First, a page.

The following quotations are from:
Al-Ghazzali, On Listening to Music. Trans. Muhammad Nur Abdus Salam, Great Books of the Islamic World, 2002.
“[M]usic does not bring anything to the heart that is not there; instead, it excites what is already in it.” 6
“Those sublime states which begin to attach to them from the invisible world because of the music are called ‘Ecstasy.’ It may happen that their hearts become as cleansed and purified as silver which is placed in fire. That music throws the fire into the heart and removes its tarnishings. It may be that that which is attained through music not be attained with much self-discipline. And music activates that mystery of the relationship which is between a human being and the world of spirits until it becomes possible for him to receive everything from that world so that he becomes unaware of all that there is in this world.” 11
“The first degree is the disciple whose states vary in in the search and traversing of his path from grasping and letting go, ease and difficulty, and the indications of acceptance and the indications of rejection. His whole heart may have become occupied with that. When he hears words in which there is talk of rebuke and acceptance, union and separation, proximity and distance, satisfaction and discontent, hope and hopelessness, security and fear, keeping one’s word and breaking it, the happiness of attainment and the sorrow of separation—and things of this sort—he applies them to his own states. That which is inside him catches fire. Different states appear in him and he falls into various thoughts.” 20-21
“The second degree is that when one has passed the level of the disciples and puts the states and preliminaries behind him, he will have reached the end of that state which is called ‘annihilation’ or ‘non-existence’ when applied to everything save God. When applied to God it is called ‘the Unity’ and ‘Oneness.’ The listening to music of this person is not in the way of understanding sublime reality: rather, when the music touches him, that state of non-existence and one-ness is renewed; he becomes completely absent from himself and unaware of this world. He might, for example, fall into a fire and not realize it: just as Shaykh Abu al-Hasan Nuri, may God have mercy upon him, danced during the music to the place where reeds were cut from a field. His feet were all cut up and slashed, but he was unaware of it. His dance was more fulfilling.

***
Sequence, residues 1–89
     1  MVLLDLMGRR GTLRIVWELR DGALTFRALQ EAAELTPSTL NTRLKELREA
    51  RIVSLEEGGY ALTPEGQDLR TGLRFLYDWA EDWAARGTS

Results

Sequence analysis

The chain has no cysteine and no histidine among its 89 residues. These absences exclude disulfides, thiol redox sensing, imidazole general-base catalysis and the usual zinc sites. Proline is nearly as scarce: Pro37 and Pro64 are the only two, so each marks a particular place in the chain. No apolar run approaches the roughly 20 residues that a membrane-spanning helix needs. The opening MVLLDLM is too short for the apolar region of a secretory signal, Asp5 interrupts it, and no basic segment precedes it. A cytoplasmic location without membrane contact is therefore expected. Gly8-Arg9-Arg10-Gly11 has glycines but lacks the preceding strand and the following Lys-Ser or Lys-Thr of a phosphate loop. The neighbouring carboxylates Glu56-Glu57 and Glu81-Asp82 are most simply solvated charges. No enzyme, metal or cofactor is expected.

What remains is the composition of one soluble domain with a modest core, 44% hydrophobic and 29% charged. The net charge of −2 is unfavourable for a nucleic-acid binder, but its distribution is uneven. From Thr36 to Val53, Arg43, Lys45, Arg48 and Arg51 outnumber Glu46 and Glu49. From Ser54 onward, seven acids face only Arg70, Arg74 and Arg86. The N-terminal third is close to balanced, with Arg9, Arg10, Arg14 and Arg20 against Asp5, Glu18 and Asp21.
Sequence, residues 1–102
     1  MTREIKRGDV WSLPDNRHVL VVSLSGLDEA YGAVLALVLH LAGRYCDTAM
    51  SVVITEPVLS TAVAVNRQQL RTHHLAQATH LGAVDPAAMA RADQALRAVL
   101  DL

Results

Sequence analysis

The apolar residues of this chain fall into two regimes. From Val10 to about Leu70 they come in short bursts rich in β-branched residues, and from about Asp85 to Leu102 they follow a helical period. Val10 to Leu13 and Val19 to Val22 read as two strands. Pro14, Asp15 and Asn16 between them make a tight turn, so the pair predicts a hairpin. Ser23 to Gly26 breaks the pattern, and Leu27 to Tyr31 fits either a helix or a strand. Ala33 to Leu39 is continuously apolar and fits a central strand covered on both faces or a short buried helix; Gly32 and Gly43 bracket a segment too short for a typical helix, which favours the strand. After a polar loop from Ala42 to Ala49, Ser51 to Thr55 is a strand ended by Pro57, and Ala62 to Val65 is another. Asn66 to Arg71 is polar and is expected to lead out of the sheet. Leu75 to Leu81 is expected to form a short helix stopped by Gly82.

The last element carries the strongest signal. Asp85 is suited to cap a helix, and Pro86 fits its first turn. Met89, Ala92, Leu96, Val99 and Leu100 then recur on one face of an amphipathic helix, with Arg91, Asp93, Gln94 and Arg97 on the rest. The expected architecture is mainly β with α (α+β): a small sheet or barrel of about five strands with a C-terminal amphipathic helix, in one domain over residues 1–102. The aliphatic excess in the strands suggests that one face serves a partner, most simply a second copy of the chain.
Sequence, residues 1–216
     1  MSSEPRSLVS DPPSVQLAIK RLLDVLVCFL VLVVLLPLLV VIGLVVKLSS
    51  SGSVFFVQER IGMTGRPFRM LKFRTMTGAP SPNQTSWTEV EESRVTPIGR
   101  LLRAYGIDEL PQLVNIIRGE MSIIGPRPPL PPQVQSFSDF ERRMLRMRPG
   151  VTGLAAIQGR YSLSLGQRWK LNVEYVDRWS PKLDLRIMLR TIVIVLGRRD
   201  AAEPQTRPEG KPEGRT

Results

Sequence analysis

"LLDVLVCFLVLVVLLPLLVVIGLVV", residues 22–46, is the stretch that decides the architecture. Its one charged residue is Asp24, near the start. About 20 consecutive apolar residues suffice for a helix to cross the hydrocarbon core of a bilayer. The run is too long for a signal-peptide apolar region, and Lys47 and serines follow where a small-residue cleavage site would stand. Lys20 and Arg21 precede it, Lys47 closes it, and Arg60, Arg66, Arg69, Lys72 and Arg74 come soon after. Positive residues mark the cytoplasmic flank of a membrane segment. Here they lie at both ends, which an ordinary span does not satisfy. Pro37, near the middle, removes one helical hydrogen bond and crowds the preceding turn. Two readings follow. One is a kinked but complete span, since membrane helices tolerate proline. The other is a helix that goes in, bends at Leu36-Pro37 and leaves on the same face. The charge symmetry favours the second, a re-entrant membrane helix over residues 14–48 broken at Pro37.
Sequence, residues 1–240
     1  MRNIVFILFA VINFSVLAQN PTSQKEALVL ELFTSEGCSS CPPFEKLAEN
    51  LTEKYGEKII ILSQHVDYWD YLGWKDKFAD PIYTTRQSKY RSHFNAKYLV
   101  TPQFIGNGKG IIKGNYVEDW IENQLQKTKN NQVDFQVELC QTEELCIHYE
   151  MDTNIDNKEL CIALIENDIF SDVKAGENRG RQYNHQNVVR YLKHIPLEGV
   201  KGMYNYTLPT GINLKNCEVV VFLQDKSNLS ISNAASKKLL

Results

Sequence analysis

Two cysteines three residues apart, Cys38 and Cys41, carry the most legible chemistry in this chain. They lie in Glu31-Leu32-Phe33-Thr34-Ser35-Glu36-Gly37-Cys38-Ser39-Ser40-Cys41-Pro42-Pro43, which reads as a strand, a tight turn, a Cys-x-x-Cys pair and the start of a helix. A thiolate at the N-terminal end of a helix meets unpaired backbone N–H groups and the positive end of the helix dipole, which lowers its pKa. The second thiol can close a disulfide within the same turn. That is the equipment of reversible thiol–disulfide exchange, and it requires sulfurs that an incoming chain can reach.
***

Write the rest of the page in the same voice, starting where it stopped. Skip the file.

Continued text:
However, the dance of the disciples is mixed with the attributes of humanity. This is that he takes himself back in its entirety from himself; as weas the case with the women when they saw Joseph. They all forgot themselves and cut their hands. You should not deny this non-existence and (as a result) say: ‘I see him. How has he become non-existent?’ That which you see is not he! For you will still see that person when he dies, but he has become non-existent. The truth is that that reality is sublime, at the level of gnosis. But since the knowledge eof all things has left him; everything has become nothing for him. Since he is also unaware of himself, with respect to himself he has become non-existent and nothing remains save the remembrance of God Most High. Everything that was perishable has departed; the eternal remains.
Therefore, the meaning of oneness is that since one sees naught but God Most High, one says: ‘The self is all He and I am not.’ Or one says: ‘I myself am He!’” 22
“Ecstasy is finding. That means that one has found a state which he has not had before.” 23